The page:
The harsh climate of Quebec makes energy-efficient doors and windows a necessity. Energy Star certification assures you of a product’s energy efficiency, no matter which one of Quebec’s climate zones you live in, but even uncertified products can be energy efficient.


New Energy Star requirements for 2020


Energy Star implemented its standards years ago to recognize residential products that respond to stringent criteria in terms of eco-responsibility, with the goal of significantly reducing energy waste. Since then, numerous products ranging from doors and windows to home appliances have been Energy Star certified. Effective January 1, 2020, the Canadian government implemented new specifications that are much stricter than before. This makes it easier for consumers to make sure they’re achieving maximum insulation so they can save even more money on their utility bills.


Only the top 20 percent of energy-efficient products sold in Canada now qualify for certification. This doesn’t necessarily mean that the doors and windows that are not currently Energy Star certified are of poor quality. The new regulations naturally favor certain categories of products, for example, triple thermopane windows, which offer incomparable levels of insulation, and fixed windows (windows that don’t open). Likewise, they automatically exclude other categories, such as windows with multiple panes or false grids.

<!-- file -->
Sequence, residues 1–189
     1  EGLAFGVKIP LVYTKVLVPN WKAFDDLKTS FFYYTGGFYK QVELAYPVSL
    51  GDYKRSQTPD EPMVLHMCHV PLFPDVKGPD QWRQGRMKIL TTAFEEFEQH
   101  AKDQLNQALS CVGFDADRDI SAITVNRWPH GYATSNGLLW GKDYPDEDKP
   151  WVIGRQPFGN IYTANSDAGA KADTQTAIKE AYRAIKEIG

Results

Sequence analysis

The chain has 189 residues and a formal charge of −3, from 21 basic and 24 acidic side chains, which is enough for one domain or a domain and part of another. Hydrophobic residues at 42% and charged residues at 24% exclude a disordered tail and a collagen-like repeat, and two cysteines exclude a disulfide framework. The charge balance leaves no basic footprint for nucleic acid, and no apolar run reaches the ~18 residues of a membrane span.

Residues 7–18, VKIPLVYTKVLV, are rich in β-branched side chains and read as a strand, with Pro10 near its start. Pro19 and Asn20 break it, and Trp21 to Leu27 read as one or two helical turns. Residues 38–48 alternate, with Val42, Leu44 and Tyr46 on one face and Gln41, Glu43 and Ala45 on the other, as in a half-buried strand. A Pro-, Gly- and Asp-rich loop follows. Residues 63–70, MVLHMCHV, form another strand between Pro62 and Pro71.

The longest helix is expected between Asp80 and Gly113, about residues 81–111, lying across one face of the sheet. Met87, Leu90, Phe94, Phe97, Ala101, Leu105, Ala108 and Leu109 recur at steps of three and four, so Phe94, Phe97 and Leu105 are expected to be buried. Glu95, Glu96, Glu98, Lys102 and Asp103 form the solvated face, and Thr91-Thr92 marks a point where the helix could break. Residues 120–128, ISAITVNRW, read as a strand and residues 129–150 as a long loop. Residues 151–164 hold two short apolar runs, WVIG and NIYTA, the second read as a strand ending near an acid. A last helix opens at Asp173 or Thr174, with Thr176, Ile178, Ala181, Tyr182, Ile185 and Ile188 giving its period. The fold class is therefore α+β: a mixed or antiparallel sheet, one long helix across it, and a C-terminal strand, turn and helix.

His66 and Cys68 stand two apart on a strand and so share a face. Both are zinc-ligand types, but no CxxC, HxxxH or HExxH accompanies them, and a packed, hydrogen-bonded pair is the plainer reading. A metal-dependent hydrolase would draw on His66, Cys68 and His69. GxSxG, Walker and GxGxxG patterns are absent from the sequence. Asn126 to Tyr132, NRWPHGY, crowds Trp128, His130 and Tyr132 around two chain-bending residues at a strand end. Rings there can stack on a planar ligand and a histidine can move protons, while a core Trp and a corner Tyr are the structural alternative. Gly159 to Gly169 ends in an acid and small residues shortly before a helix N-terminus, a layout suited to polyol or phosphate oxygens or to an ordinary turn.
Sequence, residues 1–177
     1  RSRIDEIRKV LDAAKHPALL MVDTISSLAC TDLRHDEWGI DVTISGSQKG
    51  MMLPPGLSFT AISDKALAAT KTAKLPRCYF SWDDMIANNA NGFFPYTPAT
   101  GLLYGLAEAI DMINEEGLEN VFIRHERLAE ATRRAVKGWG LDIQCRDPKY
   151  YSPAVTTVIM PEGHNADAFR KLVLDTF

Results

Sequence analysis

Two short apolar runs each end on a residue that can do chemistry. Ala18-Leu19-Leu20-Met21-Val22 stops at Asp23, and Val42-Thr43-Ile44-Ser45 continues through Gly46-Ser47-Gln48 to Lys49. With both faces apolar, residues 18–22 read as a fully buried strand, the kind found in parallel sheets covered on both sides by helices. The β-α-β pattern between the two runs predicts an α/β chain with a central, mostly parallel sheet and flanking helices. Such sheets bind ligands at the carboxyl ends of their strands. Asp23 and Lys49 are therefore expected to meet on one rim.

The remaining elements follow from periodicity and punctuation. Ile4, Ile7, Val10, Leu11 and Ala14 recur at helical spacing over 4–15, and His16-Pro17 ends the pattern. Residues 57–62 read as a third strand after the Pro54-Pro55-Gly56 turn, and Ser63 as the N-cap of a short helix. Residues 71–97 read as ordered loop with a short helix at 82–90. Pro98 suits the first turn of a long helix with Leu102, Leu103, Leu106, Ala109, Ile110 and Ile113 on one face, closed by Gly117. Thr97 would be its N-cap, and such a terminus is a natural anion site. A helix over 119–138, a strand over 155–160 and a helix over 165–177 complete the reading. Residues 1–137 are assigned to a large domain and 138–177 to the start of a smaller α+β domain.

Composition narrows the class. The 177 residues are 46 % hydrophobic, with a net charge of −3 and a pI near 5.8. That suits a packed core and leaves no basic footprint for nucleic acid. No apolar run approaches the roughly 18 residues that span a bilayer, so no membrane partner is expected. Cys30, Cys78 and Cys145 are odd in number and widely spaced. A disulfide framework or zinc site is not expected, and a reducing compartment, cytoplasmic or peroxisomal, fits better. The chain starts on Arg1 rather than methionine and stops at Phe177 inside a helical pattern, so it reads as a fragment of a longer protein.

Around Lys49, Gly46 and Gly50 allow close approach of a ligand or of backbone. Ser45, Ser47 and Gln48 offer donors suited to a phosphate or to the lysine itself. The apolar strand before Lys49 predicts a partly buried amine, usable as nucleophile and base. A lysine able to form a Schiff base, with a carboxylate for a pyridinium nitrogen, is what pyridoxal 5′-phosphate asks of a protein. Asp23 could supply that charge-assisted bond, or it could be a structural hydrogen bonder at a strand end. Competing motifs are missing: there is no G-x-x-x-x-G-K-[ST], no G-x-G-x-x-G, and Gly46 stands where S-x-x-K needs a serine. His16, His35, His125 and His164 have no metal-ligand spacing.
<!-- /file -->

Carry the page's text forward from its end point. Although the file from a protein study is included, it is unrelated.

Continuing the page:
Previously divided into three different climate zones, as of January 1, 2020, all of Canada has been lumped into a single zone. This climate zone determines residents’ needs in terms of energy efficiency. Only products that meet the specifications of this zone qualify for Energy Star certification. Considering the harshness of our climate, the requirements are very strict.


Measuring the energy efficiency of a window


To make an informed decision when the time comes to purchase new windows, it’s important for you to understand the values that represent the products’ energy efficiency.


  • The R-value designates the insulating properties or thermal resistance of a material or product. The higher the rating, the better insulation the product provides. For example, the Building Code requires the insulation used in walls, ceilings, doors and windows to have a certain R-value in order to be compliant.
  • The U-factor, determined by a product’s heat transfer coefficient, represents the product’s resistance to temperature fluctuations. A low number is desirable as it means that the product will prevent indoor heat from escaping through the home’s windows during the winter and prevent outdoor heat from entering the home during the summer.
  • Finally, the EP (energy performance) rating is calculated using a formula that establishes a balance between a product’s U-factor, solar heat gain coefficient (SHGC) and air leakage. The higher the EP rating, the more energy efficient the product will be.


Various factors influence the energy-efficient performance of doors and windows. The performance value is the result of some or all of these factors.


Consult the specialists at one of our locations to learn more about Energy Star-certified products and other excellent products from our suppliers and discover the advantages of each one.